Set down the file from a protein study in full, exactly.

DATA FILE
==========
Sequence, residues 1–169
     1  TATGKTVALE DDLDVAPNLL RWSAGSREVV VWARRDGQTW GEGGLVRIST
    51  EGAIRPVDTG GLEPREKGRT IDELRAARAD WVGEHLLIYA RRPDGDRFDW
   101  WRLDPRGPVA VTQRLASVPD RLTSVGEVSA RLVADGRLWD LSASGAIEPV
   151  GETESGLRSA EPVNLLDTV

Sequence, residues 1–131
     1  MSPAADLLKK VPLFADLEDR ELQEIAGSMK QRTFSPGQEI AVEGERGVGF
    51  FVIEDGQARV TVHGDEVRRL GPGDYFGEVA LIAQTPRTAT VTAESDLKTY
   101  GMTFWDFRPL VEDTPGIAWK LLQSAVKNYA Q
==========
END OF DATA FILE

Sequence, residues 1–169
     1  TATGKTVALE DDLDVAPNLL RWSAGSREVV VWARRDGQTW GEGGLVRIST
    51  EGAIRPVDTG GLEPREKGRT IDELRAARAD WVGEHLLIYA RRPDGDRFDW
   101  WRLDPRGPVA VTQRLASVPD RLTSVGEVSA RLVADGRLWD LSASGAIEPV
   151  GETESGLRSA EPVNLLDTV

Sequence, residues 1–131
     1  MSPAADLLKK VPLFADLEDR ELQEIAGSMK QRTFSPGQEI AVEGERGVGF
    51  FVIEDGQARV TVHGDEVRRL GPGDYFGEVA LIAQTPRTAT VTAESDLKTY
   101  GMTFWDFRPL VEDTPGIAWK LLQSAVKNYA Q